How Many Members Do You Need? There is no single answer to this question. The target should be enough members to be representative of the franchise system. In most systems, at least 50 members would be a meaningful measure of success.
What Should We Charge for Dues? The amount of dues depends on your projections for membership as a factor of what budgeted activities you envision. Some organizations actually charge no dues, but they have established a pipeline to preferred providers who are willing to pay supplier dues or rebates that are sufficient to fund the association. Some of the costs to consider include whether or not you will employ contracted services for association management or rely solely on volunteers. While volunteers may sound like a low-cost solution, it has been our experience that all volunteer associations eventually crumble because the volunteers already have a full-time job, managing their businesses.
The Steps. Once the groundwork has been laid, there are a series of steps that can lead to the successful formation of the association:
a. Steering Committee – the initial committee essentially fulfills the management role of a startup association until such time as there are sufficient members and resources to establish a formal entity and elect a board of directors.
b. Development of the Association Mission – At an early time, the founding members should build a mission and goal statement, and identify the issues, goals and objectives of the association, as well as a defined strategy and adopted projects aimed at accomplishing your mission. The AAFD recommends the development of a positive mission that will be easily embraced by the rank and file franchisees, and ultimately by your franchisor. At the end of the day, your goal is likely to have your association recognized and accepted as a valuable asset of a flourishing franchise system and brand.
c. Membership recruiting – Effective member recruiting requires a peer-to-peer effort. We have seen many instances of owners trying to employ third party telemarketers to call prospective members only to find that such an effort ultimately fails dismally. The reason is quite simple; owners do not want to talk with outsiders about their personal business matters, but they are willing to listen to their peers. To do effective recruiting, the Steering Committee should establish a protocol for an ever-expanding “call tree” in order to solicit new members as additional recruiters.
d. Legal Organization – once you have an indication that recruiting efforts will be successful, you should consider a legal structure that can both protect the officers and directors as well as establish the by-laws and governing instruments to use. One important consideration will be the taxability of your entity. Many associations are non-profit and mistakenly believe that that also means non-taxable. Generally this is not the case, as the IRS Tax Code only provides tax free status to associations that are ‘generic trade associations,’ i.e., open to all comers. A brand specific association obviously does not meet those criteria.
e. Nominating Committee – while the Steering Committee may have served as de facto officers, the fact is that they did not go through an elective process. That should be corrected by an elective process to both nominate and elect your board and officers.
f. Installation of officers and ongoing operations. Once elected and installed, the new officers should derive a proposed scope of operations. Some of the items to consider include:
a. Number of Board Meetings to hold – both telephonic and in person
b. Committees to be established, including as appropriate: Membership, Purchasing, Education, Advertising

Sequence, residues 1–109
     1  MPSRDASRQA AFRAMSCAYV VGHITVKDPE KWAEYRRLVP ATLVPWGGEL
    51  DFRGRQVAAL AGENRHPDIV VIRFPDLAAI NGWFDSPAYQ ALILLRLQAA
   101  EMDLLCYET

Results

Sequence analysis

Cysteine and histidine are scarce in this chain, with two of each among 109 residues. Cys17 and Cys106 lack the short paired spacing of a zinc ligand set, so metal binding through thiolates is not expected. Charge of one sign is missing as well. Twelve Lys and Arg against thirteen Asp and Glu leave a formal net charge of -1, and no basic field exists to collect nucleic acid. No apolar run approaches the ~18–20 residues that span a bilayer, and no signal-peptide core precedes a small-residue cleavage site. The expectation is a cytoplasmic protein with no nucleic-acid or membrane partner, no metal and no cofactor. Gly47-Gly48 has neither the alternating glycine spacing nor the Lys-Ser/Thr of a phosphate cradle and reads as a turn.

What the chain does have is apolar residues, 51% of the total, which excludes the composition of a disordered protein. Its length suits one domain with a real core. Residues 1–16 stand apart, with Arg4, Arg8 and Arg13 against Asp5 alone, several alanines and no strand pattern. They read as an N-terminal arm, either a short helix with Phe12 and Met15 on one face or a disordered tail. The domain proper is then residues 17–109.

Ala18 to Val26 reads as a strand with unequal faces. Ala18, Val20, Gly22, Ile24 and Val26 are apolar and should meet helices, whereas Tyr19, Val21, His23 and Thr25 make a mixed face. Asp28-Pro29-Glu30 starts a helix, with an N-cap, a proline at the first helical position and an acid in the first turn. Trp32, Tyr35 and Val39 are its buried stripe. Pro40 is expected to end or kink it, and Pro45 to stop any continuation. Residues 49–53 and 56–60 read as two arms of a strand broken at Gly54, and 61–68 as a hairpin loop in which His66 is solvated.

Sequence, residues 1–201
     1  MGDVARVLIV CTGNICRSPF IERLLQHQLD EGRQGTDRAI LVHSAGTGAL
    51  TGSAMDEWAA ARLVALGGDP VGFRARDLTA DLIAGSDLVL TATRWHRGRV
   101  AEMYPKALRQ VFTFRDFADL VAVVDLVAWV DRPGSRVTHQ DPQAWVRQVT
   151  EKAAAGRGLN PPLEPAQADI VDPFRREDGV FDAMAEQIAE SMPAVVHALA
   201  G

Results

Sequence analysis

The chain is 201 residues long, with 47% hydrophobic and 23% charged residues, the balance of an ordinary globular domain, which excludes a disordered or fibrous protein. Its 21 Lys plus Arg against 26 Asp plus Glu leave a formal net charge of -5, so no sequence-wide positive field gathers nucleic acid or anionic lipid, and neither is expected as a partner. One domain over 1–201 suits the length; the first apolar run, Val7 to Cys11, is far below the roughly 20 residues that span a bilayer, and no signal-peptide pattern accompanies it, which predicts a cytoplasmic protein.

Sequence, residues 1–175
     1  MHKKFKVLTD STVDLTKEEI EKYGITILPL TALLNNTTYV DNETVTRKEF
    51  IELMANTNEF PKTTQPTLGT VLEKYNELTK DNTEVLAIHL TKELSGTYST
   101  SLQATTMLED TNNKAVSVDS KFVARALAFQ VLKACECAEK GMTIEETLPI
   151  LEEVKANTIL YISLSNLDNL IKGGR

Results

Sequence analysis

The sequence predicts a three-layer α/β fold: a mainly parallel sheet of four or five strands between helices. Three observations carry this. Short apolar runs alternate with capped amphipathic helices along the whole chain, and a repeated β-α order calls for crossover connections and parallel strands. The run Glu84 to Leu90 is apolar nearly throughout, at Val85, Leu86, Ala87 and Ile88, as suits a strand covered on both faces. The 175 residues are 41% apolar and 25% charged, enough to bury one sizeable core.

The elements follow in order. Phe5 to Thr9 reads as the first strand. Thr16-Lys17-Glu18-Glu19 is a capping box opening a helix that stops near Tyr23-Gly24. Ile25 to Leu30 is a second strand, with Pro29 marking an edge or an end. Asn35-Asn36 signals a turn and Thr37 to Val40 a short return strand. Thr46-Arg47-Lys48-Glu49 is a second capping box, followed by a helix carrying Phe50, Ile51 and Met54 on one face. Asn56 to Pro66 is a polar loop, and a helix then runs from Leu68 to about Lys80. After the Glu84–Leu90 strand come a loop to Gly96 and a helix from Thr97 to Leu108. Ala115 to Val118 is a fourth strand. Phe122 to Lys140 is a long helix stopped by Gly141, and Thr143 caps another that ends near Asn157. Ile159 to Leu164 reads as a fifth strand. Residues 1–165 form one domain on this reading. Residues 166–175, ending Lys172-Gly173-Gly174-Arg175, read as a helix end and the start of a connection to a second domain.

c. Member meetings – form, frequency, location
d. Communications as noted above – frequency and form
e. Reporting – do not overlook the need to file necessary documents with the secretary of state and tax authorities as appropriate.
The above list is not intended to be all inclusive, but rather to provide a guideline of possibilities to consider.
How the AAFD can help. While the steps needed to organize an association may appear to be daunting, the AAFD is in a terrific position to save you both time and money. We have been in the association “birthing” business for 20 years and the AAFD prides itself in serving as your catalyst to trigger your launch, as a cost effective vehicle to serve as your legal entity, and offers an impressive array of tools to infuse your success. Those tools include:
a. Save $ and time immediately – do not incur legal costs of forming a corporation but rather form an internal chapter under the AAFD umbrella – not only avoid the unnecessary steps of incurring legal expenses to form a corporation, but also share in the tax-exempt status of the AAFD and avoid ongoing state and Federal filing requirements.
b. As an internal chapter, you will receive:
• Sample By-Laws and Organizing Minutes that can serve as a template that can be tailored to your needs.
• Recruiting scripts and free conference calling bridges that will assist your recruiting efforts.
• Advice on how to structure a “win-win” dialog with your franchisor in a disciplined and cohesive manner.
• Chapter administration services including a membership database and mailing and collecting of monies for both new and renewing members.
• A “carve out” of monies collected to be spent as discretionary funds by the chapters (an amount that can be adjusted to suit your needs).
• A built-in Supplier program to provide much of the function that a purchasing committee might consider. AAFD suppliers are more generic in nature which provides an opportunity for chapter purchasing committee to focus more on brand specific needs.
All of the above services are provided as part of your AAFD dues for all AAFD chapters (regardless of size or maturity). The AAFD offers many other services to support successful associations, some of which are offered at no additional charge under certain conditions.
The AAFD strongly believes that there should be an owners’ association in each franchise system. Whether you do it though the AAFD or independently, we hope that you will consider forming such an association. Contact the AAFD to learn more about our chapter program.